Putting prisoners in isolation is one of the most debilitating forms of punishment.  As humans, we need connection and engagement with others to thrive. The need to belong and interpersonal connection is recognized as being fundamental to motivation and productivity. When we lack interpersonal connections, our moods suffer. Positive face-to-face interactions where we receive empathy and connect with one another is highly correlated with human satisfaction. (Baumeister & Leary, 1995)

With the disruption in society and the isolation and fear that many are experiencing people report that they feel a lack of community. While we may sense we are with people on social media, we are not giving each other empathy and understanding and not experiencing the fruits of real connection.

Emotions are contagious and MRI studies show that while we believe we are separate individuals, our energy and the flow of information is influenced by others. When we are not communicating or trusting one another, we experience dissonance.  When we engage in real conversations and build relationships, we experience resonance and psychological safety and are positioned to be innovative and are better able to execute and achieve goals.

We can use Zoom and other forums to virtually have real conversations where we listen and understand each other.  I facilitate various groups of leaders and people report gaining new insights and increased energy and amazing results that they didn’t believe were possible. There is power in real conversations when we are open to listening, understanding and supporting one another.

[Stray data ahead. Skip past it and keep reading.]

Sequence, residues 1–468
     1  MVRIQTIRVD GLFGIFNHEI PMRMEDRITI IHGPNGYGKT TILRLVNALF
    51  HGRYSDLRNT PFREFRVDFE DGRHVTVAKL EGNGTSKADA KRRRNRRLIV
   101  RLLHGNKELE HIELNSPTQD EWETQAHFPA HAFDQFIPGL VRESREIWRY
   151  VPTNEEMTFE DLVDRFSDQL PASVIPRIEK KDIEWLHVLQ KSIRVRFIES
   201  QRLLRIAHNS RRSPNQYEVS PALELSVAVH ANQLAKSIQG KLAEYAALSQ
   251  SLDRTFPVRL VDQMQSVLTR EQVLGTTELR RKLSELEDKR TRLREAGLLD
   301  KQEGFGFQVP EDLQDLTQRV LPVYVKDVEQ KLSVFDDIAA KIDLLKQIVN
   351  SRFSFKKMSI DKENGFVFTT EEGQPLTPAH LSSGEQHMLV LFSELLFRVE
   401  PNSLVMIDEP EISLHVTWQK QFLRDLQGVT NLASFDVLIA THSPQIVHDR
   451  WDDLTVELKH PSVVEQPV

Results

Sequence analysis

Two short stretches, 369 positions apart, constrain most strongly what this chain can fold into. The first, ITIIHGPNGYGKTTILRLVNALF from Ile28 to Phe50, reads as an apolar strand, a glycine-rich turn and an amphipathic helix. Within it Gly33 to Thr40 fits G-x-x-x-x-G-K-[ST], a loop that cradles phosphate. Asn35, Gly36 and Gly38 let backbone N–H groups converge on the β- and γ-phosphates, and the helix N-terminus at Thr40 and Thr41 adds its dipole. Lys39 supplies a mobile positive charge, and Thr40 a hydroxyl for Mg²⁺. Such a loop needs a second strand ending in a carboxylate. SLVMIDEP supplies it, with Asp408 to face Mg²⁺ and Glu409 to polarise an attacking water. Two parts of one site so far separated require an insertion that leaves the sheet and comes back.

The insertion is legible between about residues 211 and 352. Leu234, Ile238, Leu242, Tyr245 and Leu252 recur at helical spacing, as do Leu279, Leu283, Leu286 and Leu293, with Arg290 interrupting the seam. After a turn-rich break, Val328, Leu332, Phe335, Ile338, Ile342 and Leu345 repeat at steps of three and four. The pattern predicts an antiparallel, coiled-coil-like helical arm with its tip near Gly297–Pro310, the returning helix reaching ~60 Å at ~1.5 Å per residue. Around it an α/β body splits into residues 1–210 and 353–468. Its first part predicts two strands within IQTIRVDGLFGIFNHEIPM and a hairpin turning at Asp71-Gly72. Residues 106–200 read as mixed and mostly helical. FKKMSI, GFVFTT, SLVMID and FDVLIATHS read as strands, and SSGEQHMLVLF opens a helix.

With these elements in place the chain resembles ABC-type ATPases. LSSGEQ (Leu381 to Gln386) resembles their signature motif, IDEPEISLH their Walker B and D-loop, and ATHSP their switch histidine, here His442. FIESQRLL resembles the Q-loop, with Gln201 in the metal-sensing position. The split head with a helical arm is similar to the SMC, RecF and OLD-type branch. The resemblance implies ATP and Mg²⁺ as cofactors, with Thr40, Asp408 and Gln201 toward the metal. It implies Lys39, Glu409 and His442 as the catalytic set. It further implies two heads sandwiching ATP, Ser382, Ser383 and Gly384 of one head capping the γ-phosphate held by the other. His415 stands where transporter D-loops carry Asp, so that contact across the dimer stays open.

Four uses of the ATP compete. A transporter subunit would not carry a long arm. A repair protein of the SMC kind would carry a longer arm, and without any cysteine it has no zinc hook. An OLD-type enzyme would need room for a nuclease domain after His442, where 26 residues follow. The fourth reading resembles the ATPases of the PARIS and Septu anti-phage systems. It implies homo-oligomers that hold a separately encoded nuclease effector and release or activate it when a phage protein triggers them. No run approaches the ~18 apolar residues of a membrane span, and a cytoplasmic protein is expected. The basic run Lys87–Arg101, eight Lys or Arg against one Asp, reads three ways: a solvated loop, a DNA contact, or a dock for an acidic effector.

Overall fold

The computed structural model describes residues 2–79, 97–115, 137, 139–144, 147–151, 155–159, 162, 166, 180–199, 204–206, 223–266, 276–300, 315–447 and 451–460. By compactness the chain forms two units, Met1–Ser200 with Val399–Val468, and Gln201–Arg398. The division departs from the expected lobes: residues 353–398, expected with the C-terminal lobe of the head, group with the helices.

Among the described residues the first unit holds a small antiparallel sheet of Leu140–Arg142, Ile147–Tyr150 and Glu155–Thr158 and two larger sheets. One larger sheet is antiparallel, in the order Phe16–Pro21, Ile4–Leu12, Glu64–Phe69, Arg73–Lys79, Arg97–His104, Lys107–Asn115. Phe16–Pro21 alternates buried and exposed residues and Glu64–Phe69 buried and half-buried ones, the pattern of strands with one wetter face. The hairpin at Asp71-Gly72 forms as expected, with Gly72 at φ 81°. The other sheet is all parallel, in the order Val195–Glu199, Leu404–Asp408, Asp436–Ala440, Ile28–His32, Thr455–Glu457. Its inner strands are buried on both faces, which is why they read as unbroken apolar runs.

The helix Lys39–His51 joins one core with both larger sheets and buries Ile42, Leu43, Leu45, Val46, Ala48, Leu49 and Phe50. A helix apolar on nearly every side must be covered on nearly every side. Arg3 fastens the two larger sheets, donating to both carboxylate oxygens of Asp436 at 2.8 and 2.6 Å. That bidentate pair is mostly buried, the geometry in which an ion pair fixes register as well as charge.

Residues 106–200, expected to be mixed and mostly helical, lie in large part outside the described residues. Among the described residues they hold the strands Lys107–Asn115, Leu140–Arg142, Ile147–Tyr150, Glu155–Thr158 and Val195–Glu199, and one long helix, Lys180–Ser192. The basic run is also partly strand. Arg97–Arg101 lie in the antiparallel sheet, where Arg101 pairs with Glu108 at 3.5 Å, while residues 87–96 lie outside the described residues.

I believe that we need to support teens, leaders and all of us in engaging in positive and productive interactions. We need to develop an open mindset and the skills for meaningful conversations to support well-being.  We will all benefit from the contagious nature of these positive interactions.

Choose to meet or call a colleague and engage in an open and respectful conversation. Notice the impact on your sense of well-being and the positive outcomes.

Contact us at any time.

Be Grounded

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“Get yourself grounded and you can navigate even the stormiest roads in peace.”—Steve Goodier

“I feel out of sorts.”  “I have to give negative feedback to one of my staff.” “I can’t believe what she did!”  “We are not making our numbers.”  “The new boss is difficult.  “I have too much on me.” “He is out to get me.” “My team members are fighting one another.” “We need to get all of the leaders on the same page.” “My elderly parent is sick.” “My teenager is depressed.” “There is not enough time.” “My position is uncertain.”